There are some books you can sit down and write a smashing, relevant review about instantly upon finishing reading them.
Pam’s book is one of those, as is Chris and Julien’s. Whether or not I learn something new from them (and I did with both books), these kinds of books cover topics I know well enough to recognize that they’ll be outrageously useful to someone coming to them for the first time: they’re the kinds of books I wish I’d had at the beginning of my odysseys in self-employment and the social web, respectively.
Likewise, it’s a fairly straightforward proposition to review a work of fiction or a biography or a memoir once I’m done. Not easy, necessarily, but simple: did I like it or didn’t I, and why? I might write a slightly different review after a re-read years down the road, deeper, more nuanced, with additional insights, but it’s unlikely that my opinion will fundamentally change (assuming that I’m ingesting the book with the requisite knowledge for basic comprehension the first time around. Or it hasn’t happened so far.)
Books of prescriptives are a little harder to review wholeheartedly because, like products and services and classes, their true value often isn’t apparent until way after the fact of consumption. The Artist’s Way is a perfect example of this. It’s an outstanding book, and perfect for a certain type of person seeking a certain kind of self-knowledge. But I wouldn’t have been able to endorse it until years after the fact (and as someone who does it so frequently now, I’m overdue to write a formal review). Getting Things Done is another one. While the lights go on as you read it if you’re the Right Audience for David Allen’s great but really complex system, only implementation and time will tell if it’s good for you.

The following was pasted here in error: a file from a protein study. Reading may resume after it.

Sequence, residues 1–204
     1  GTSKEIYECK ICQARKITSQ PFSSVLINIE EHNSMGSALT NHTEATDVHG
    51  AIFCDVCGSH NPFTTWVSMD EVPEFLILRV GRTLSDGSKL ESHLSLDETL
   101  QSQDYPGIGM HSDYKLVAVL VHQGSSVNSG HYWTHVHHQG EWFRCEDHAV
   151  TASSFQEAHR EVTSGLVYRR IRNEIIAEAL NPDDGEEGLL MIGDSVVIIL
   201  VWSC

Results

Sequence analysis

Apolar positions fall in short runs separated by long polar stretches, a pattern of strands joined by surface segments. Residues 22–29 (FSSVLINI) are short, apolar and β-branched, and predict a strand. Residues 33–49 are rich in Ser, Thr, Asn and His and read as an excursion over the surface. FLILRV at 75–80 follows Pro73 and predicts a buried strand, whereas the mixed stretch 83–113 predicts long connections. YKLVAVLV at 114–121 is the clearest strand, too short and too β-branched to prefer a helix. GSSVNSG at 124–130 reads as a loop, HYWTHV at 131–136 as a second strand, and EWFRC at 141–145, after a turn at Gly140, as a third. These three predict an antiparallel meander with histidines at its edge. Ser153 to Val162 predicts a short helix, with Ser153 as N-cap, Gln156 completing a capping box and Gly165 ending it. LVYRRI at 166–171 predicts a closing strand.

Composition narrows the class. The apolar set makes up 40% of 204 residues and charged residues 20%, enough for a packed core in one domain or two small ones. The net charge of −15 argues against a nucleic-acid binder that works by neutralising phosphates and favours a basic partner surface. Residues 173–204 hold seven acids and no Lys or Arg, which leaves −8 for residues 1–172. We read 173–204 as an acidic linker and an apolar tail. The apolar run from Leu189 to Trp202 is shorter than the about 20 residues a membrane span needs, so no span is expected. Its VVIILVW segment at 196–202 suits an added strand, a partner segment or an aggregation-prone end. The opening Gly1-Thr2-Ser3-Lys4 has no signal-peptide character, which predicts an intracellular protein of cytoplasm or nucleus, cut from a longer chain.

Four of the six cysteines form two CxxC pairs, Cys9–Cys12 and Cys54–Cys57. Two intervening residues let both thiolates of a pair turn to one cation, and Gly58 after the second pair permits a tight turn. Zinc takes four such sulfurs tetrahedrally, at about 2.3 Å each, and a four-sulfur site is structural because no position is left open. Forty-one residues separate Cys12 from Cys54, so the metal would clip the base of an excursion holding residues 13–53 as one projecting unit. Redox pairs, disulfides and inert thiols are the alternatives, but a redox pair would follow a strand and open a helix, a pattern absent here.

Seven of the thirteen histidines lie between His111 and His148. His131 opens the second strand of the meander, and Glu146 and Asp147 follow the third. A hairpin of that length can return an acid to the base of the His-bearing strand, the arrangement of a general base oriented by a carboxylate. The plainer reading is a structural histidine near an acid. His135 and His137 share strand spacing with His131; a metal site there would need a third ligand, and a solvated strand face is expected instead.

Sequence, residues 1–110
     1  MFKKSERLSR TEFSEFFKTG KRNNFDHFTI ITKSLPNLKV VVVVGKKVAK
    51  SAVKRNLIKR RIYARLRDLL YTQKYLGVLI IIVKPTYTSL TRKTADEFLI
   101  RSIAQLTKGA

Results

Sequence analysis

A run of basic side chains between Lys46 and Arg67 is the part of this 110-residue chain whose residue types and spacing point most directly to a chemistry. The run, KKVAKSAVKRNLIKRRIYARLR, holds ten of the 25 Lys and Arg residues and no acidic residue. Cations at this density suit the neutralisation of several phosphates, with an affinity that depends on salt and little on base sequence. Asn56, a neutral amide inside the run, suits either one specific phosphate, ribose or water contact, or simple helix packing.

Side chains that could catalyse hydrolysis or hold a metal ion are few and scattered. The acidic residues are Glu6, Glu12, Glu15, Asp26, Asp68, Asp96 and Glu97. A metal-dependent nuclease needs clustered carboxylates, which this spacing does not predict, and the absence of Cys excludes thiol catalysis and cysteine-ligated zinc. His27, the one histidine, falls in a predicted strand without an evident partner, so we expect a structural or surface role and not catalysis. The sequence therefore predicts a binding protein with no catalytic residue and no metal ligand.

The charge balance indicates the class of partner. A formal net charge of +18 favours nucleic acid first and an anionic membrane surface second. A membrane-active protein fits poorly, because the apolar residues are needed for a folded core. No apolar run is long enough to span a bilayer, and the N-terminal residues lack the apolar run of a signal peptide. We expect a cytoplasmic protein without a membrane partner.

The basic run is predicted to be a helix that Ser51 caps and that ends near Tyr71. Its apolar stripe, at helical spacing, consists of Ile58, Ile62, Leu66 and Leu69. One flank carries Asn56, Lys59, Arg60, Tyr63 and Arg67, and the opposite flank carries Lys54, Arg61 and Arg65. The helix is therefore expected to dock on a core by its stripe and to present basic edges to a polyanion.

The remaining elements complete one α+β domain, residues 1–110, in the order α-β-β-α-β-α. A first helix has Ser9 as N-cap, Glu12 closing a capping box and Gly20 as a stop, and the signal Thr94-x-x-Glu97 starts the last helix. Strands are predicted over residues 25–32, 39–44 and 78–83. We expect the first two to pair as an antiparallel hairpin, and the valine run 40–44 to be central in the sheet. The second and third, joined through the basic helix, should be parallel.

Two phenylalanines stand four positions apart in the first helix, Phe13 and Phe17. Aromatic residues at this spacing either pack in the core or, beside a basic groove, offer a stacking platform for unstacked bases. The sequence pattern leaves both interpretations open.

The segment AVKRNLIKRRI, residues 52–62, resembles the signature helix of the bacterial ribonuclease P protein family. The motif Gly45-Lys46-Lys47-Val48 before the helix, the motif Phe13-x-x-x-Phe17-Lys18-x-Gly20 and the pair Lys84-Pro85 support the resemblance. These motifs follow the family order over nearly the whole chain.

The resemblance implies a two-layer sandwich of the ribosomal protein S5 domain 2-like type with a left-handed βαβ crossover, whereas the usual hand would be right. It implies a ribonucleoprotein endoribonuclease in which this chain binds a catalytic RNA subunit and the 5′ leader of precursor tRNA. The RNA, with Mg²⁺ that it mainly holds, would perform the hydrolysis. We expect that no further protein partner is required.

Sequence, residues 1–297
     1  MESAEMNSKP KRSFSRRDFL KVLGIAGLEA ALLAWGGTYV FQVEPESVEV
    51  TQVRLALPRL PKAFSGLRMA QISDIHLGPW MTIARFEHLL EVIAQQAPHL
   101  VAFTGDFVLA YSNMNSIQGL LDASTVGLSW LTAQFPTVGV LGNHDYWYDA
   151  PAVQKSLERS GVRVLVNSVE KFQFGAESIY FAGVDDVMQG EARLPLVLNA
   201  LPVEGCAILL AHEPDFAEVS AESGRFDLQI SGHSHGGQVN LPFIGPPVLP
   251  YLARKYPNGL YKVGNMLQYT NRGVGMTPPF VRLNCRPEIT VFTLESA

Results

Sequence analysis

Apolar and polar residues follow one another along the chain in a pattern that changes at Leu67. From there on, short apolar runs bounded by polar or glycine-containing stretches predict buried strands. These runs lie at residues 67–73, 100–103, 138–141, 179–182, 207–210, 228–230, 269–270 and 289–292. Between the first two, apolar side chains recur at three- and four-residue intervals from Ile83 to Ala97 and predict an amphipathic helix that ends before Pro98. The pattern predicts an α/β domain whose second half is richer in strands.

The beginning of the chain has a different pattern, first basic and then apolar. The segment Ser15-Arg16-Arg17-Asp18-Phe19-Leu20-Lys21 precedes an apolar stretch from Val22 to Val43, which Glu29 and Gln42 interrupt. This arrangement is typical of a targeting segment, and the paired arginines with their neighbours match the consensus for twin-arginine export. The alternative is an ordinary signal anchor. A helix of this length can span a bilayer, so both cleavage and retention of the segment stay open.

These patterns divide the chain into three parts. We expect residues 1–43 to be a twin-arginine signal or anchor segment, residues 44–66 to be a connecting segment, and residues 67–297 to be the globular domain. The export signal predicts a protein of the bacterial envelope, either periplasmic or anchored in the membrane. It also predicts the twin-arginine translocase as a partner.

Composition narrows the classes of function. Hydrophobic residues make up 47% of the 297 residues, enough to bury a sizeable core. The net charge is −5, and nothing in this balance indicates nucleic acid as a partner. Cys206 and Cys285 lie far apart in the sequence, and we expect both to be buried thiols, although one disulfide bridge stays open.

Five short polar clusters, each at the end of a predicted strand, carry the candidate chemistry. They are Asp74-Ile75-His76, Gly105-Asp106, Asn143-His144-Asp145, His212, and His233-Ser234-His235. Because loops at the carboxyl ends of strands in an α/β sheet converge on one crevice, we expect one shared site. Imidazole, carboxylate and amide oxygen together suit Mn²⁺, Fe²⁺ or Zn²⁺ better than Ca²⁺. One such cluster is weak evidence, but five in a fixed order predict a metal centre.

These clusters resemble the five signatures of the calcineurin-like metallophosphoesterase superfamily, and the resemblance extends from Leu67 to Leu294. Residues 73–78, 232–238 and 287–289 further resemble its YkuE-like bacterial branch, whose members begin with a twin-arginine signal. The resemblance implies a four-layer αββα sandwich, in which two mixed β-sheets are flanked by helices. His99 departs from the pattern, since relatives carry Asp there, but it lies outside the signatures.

Two things have come up recently that have me looking hard at books I’ve not only read, but consumed, and that have proven useful to me. It’s easy, perilously so, to forget once you’ve trod the ground and moved on to other things how intensely you struggled with something when first you ran hard up against it. (Walking, anyone? Or omelet-making? Or driving stick?)
The first thing is the preponderance of talk in the air about decluttering or paring down or what have you. Maybe it’s the economy, maybe it’s a function of acceleration, but all of a sudden the zeitgeist seems to have shifted from acquiring stuff or organizing all the stuff we’ve acquired to getting rid of it. My new friend Lisa Sonora Beam and I were just talking yesterday about how the stuff, once gone, seems to let the ideas and emotions flow more easily (not to mention remove a lot of worry about dusting and insuring and suchlike). Andy Dick, of all people, was on Adam Carolla’s podcast talking about getting rid of all his beautiful stuff and moving into an Airstream trailer in his ex’s backyard to spend more time with his kids. (It’s an especially good episode, by the way; check it out.)
I’ll write a separate post about that at some point, perhaps, but let me say this about the simplification books: almost without exception, you should not buy a book on simplifying, at first. Even Leo, who wrote a really terrific book about the power of less and supports his family with his writing is with me on this: he gives his book away for free. Buying a thing to solve your problem with acquiring things is like cracking open a beer to troubleshoot your drinking problem: might feel good in the moment, but is getting you further from, not closer to your goal.